One article I read recently concerning domestic abuse, suggested that were we as pastors to go door to door among our people asking if there was violence in the home, we would likely produce no further insights.  In other words, what is done in hiding behind closed doors, often remains hidden as a source of shame.  But even in this blog, I am declaring an offer of shelter to any and all victims of domestic abuse.  If you are reading this please do not suffer any longer in silence and fear.

3.  Pray specifically for those who are silent victims.

I clearly cannot force anyone in a situation of abuse to flee their abuser.  But I can pray for them to have the strength to love God, love themselves, and even for the sake of their abuser to come out to safety.  I believe that prayer has the power to change things in the hearts of real people.  And I am going to be more intentional in my prayers for those who are hurting in silence.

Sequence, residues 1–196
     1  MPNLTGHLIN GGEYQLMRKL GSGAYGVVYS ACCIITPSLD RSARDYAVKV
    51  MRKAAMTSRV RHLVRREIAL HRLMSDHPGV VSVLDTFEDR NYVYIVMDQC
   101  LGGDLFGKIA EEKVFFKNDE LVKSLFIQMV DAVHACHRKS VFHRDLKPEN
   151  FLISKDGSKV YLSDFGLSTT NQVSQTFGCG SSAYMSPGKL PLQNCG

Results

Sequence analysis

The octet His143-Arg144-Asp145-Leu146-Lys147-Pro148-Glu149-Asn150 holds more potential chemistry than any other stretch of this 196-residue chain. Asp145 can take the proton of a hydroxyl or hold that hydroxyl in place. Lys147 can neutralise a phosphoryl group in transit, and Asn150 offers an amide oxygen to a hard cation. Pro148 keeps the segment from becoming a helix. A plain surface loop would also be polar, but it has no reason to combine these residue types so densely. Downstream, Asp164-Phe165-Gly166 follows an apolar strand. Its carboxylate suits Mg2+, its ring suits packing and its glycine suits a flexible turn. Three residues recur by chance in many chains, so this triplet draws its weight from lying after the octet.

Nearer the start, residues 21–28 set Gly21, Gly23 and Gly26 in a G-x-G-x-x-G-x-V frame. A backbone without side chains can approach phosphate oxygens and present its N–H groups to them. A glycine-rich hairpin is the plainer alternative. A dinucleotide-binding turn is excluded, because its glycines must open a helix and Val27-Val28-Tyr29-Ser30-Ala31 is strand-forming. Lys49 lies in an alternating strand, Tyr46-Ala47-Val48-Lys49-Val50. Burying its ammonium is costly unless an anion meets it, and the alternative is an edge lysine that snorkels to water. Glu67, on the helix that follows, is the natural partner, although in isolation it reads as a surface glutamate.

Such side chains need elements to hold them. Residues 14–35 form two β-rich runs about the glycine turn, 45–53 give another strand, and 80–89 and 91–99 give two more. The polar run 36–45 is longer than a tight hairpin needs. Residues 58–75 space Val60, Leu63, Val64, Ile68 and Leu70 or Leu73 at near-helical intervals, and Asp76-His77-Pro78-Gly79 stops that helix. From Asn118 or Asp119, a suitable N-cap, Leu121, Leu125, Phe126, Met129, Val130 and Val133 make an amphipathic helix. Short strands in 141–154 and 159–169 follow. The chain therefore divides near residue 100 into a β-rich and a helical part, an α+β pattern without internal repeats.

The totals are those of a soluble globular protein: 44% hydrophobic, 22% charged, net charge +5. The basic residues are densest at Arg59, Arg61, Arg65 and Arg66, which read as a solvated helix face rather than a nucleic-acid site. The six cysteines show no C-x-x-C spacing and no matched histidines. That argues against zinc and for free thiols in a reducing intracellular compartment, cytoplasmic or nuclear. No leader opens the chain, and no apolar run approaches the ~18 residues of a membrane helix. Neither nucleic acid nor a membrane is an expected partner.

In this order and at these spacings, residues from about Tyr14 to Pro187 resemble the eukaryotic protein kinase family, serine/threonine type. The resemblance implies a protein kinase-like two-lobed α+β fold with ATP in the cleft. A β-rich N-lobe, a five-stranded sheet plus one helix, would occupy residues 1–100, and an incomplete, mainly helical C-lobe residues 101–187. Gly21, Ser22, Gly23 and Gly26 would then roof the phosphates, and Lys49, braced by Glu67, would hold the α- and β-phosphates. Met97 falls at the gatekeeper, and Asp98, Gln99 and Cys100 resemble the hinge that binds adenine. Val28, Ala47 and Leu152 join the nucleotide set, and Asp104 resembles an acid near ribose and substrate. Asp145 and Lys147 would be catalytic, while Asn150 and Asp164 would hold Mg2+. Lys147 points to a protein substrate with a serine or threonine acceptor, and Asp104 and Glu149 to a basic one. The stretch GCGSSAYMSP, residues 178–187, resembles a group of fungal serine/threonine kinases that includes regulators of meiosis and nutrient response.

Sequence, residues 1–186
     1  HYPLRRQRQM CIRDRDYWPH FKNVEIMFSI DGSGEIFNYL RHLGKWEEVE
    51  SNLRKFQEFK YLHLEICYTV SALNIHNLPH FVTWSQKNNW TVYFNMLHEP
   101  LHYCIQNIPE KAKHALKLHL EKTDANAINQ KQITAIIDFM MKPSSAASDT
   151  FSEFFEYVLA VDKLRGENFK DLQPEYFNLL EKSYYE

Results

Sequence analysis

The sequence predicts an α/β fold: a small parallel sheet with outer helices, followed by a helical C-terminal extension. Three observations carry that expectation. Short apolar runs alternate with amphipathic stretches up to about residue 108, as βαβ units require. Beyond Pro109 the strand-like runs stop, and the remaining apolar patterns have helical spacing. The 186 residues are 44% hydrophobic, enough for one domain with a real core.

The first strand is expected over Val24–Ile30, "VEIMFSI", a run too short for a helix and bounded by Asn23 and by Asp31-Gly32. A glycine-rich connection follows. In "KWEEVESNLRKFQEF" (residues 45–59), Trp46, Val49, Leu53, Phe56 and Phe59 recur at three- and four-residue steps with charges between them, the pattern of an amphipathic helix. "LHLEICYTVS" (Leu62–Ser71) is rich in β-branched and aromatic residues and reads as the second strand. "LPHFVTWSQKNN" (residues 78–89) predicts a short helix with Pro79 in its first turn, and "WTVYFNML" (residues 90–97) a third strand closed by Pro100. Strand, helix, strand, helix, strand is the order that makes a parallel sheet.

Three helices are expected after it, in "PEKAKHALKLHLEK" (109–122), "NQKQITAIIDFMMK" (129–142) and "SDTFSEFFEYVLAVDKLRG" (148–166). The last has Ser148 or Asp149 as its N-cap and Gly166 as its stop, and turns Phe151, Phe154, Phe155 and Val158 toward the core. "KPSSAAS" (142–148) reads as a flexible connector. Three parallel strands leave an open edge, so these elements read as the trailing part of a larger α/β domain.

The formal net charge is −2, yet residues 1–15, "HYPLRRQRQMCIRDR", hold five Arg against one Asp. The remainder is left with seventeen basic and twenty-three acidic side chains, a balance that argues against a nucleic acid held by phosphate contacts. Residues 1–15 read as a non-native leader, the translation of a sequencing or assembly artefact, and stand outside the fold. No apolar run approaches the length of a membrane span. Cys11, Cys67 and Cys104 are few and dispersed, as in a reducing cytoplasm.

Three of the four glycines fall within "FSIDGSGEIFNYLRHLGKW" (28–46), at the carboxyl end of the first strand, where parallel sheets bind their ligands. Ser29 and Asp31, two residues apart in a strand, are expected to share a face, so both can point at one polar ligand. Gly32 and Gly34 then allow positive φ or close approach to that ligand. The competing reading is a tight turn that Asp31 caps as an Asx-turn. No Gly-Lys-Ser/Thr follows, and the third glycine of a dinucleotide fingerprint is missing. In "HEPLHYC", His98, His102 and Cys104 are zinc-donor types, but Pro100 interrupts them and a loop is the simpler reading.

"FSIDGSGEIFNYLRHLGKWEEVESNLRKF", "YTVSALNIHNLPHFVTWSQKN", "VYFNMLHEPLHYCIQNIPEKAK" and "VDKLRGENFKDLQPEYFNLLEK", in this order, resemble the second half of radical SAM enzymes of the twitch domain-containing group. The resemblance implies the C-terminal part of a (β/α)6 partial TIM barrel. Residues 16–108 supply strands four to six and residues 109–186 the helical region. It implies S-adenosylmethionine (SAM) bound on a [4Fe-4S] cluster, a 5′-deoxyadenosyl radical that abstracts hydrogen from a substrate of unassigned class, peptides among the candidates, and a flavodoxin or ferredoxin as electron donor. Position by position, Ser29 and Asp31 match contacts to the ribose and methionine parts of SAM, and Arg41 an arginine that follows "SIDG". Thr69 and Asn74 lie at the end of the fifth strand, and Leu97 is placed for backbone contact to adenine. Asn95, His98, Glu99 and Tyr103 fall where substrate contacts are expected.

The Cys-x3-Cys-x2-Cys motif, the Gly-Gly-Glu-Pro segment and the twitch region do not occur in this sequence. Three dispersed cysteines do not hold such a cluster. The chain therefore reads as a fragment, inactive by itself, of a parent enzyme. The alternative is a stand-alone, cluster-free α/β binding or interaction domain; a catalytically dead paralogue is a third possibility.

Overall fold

There is so much more that I could say about this blindspot in the church but I don’t believe that I need to write any more to convince anyone of this issue.  Instead I will conclude with a plea to any who are suffering in a situation of domestic violence, to seek their voice and seek a safe place.  When it comes to domestic abuse, speaking it to another is the most challenging hurdle to overcome.  But this is a necessary step in the process of getting the help that is needed.  Our God is a God that encourages the exposing of the darkness of falsehood and evil to the light of Truth and healing,  and the second step is to seek a safe place of shelter.  And when it comes to physical violence, there is no figurative safe place.  A displacement and physical separation is a necessary step.

I do not believe that I have actively demonstrated myself as an unsafe place to go for those who are victims of spousal abuse.  My guilt lies in not actively seeking to be a safe place.  I do not want to lead a church that is blind to the plight of the suffering and abused.  I want to provide a shelter to the hurting and broken.